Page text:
I was well & truly into failing my degree at RMIT by ’90 – I remember we used to use the 24 hour terminal rooms at CIT & connect back to RMIT’s mainframes (via VICNET?) – musta somehow got onto it then…..(but then my memories from Uni are suitably blurred :-)

    then I re-found it later – probably mid-’90s and have been receiving the emails ever since :-)

  16. Congratulations Daniel and thanks.

    Like many I have fond memories of the Toxic postings, I do miss your rants against motorists but with liable laws the way they are now I guess you have to be adult about the whole thing.

  17. Well…. The casting call is out. We got the go-ahead for our satirical sketch show.

    We’ll have to do live crosses to Europe for Dave’s bit though.

    Rod Quantock also sends his love.

    ———
    Bainers

  18. Wow, 20 years! I didn’t know the word “online” already existed back then. Oh well, how would I know, I was busy playing tag with my friends.

    Congratulations! More 20++ years to come. :)

  19. I was dating an American guy who moved out to Aus in 1999 and he got me onto the Toxic Custard Guide to Australia. But it was my love of Melbourne and my wish to live here one day, that kept me reading the diary. Then once I moved to Melbourne in 2002, it was my pro-PT stance and love of Neal Stephenson that kept me reading. But most of all, I think your lefty-pinko social justice approach to life and similar cultural references being only a few weeks apart in age, meant that I find it comforting to visit every week. My life isn’t always so stable, so it’s very nice to check in with the abbreviated public version of yours. Have to agree with Roger tho – the post about your wife stopped me in my tracks – just raw and honest but still respectful. Happy year of the dog!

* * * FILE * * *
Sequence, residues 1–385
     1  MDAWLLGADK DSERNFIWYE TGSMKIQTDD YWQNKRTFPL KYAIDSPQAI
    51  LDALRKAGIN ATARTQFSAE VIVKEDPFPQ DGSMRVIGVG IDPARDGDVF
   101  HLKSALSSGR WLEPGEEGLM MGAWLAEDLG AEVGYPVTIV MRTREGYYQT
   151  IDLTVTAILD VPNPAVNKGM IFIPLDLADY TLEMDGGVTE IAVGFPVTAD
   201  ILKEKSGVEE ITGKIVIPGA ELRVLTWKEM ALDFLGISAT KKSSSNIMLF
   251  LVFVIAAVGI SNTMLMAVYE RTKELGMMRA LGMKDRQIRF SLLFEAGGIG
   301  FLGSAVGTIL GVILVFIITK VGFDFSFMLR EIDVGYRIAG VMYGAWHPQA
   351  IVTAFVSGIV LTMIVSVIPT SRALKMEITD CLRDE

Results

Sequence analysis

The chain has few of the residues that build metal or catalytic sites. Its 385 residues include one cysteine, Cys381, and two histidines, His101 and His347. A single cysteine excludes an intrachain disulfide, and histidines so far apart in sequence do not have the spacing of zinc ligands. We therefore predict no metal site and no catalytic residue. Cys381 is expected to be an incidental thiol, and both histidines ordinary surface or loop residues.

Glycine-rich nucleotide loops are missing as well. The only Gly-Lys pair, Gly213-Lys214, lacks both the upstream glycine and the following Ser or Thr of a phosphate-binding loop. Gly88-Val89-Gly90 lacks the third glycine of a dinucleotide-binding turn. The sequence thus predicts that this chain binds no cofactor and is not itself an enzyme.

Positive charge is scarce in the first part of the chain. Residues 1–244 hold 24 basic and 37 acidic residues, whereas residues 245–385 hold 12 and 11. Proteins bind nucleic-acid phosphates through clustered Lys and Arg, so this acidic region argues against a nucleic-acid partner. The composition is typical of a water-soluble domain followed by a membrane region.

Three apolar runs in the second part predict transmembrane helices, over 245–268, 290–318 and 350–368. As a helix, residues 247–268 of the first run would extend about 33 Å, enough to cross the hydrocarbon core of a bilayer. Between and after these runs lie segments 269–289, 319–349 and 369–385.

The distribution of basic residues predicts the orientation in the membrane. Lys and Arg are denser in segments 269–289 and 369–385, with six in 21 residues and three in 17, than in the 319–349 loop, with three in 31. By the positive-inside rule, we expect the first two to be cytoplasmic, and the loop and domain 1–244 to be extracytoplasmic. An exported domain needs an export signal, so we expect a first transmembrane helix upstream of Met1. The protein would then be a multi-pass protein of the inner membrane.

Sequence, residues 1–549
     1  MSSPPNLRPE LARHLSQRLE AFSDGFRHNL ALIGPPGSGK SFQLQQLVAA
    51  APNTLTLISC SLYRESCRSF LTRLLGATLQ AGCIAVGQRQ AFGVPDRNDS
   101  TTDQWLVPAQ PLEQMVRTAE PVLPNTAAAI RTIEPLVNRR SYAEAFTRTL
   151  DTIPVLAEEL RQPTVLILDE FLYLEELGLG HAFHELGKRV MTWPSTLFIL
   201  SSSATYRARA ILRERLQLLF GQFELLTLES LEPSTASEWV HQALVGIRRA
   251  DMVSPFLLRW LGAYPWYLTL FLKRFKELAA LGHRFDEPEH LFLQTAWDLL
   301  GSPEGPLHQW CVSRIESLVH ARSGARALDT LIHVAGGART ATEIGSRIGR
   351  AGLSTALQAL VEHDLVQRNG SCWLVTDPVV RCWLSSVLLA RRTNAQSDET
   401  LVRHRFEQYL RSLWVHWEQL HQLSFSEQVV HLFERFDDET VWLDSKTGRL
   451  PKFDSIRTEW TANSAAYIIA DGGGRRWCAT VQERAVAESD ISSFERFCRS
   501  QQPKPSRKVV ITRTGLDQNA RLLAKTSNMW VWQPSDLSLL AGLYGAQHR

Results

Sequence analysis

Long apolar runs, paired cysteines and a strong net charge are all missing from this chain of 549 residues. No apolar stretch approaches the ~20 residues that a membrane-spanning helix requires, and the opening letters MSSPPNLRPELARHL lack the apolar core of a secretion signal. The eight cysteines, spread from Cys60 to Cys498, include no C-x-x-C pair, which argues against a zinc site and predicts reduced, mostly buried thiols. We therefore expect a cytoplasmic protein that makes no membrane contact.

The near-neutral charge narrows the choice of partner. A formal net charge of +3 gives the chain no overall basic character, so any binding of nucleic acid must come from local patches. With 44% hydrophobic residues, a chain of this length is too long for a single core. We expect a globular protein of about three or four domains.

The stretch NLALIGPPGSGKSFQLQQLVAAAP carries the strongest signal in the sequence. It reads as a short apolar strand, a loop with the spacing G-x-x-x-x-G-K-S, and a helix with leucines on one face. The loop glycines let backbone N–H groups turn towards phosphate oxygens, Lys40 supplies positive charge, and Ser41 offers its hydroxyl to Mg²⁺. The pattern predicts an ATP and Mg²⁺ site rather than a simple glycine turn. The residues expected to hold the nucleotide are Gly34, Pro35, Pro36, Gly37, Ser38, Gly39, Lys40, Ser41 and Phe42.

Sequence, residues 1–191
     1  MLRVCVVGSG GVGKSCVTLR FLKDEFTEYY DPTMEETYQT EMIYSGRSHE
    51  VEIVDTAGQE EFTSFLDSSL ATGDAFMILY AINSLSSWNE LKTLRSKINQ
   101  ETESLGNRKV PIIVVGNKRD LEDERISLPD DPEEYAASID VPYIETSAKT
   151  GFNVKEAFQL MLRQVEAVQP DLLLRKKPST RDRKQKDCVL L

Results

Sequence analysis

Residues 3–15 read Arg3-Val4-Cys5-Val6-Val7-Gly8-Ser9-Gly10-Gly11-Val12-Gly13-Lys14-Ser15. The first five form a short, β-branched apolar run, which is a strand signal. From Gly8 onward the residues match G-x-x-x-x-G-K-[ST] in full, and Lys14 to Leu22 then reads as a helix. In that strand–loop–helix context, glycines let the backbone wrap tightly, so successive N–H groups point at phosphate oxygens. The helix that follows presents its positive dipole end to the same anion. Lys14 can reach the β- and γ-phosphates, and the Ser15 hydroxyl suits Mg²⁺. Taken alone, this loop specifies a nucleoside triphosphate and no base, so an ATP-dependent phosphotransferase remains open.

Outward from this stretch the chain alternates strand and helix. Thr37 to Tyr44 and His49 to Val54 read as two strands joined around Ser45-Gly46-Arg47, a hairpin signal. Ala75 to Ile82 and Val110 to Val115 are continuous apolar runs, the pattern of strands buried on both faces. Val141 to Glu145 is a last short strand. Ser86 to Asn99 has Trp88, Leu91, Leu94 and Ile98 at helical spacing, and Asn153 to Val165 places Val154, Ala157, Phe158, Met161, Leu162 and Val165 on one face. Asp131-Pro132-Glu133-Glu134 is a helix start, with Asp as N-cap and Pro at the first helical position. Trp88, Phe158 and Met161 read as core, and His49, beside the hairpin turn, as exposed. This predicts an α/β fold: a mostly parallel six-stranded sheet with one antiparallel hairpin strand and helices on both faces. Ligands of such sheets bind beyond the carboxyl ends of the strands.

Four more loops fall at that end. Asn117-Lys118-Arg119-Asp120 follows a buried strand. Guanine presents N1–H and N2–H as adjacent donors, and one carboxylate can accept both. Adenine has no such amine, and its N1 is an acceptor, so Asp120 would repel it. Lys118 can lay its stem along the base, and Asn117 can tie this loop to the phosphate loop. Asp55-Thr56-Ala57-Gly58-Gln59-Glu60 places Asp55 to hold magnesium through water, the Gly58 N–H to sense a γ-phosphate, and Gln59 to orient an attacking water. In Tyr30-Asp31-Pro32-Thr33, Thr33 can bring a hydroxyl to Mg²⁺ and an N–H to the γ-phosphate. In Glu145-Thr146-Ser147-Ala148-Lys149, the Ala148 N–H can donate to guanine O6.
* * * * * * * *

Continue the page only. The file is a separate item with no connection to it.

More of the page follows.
20. Congratulations…. Just like Shell and Roger started following you when you were going through turmoil in your home life, at the same time I was going through a very similar situation, although mine moved to Malaysia. It provided comfort to me at the time, and since then I have enjoyed all your posts, especially the April fools day joke you were writing a book and no longer publishing on line!!! May you have many more reasons to entertain, and though provoke all of us who are interested in an ยจAverage australianยจ